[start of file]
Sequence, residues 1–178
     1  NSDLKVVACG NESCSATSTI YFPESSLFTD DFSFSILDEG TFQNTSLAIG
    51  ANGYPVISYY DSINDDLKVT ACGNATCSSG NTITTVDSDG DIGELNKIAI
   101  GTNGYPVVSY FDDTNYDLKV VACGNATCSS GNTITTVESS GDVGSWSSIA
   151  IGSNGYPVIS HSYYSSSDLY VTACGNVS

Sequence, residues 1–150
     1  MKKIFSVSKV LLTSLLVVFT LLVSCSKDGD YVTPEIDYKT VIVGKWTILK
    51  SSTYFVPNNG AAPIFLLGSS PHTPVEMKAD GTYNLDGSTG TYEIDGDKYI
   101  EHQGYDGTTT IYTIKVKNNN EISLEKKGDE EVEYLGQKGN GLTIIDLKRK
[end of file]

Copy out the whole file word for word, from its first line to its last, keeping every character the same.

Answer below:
Sequence, residues 1–178
     1  NSDLKVVACG NESCSATSTI YFPESSLFTD DFSFSILDEG TFQNTSLAIG
    51  ANGYPVISYY DSINDDLKVT ACGNATCSSG NTITTVDSDG DIGELNKIAI
   101  GTNGYPVVSY FDDTNYDLKV VACGNATCSS GNTITTVESS GDVGSWSSIA
   151  IGSNGYPVIS HSYYSSSDLY VTACGNVS

Sequence, residues 1–150
     1  MKKIFSVSKV LLTSLLVVFT LLVSCSKDGD YVTPEIDYKT VIVGKWTILK
    51  SSTYFVPNNG AAPIFLLGSS PHTPVEMKAD GTYNLDGSTG TYEIDGDKYI
   101  EHQGYDGTTT IYTIKVKNNN EISLEKKGDE EVEYLGQKGN GLTIIDLKRK